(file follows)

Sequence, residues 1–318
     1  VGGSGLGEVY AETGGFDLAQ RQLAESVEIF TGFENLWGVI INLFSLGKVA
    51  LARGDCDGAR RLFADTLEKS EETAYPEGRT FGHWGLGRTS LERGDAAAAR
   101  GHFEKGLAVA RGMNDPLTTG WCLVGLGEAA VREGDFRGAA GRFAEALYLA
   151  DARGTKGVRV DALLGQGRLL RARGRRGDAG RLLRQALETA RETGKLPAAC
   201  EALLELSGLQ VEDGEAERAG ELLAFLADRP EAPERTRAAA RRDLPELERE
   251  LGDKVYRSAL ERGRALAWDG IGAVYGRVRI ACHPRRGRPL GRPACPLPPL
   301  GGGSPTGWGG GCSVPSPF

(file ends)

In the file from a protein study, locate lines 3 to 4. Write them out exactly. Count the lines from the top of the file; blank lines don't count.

    51  LARGDCDGAR RLFADTLEKS EETAYPEGRT FGHWGLGRTS LERGDAAAAR
   101  GHFEKGLAVA RGMNDPLTTG WCLVGLGEAA VREGDFRGAA GRFAEALYLA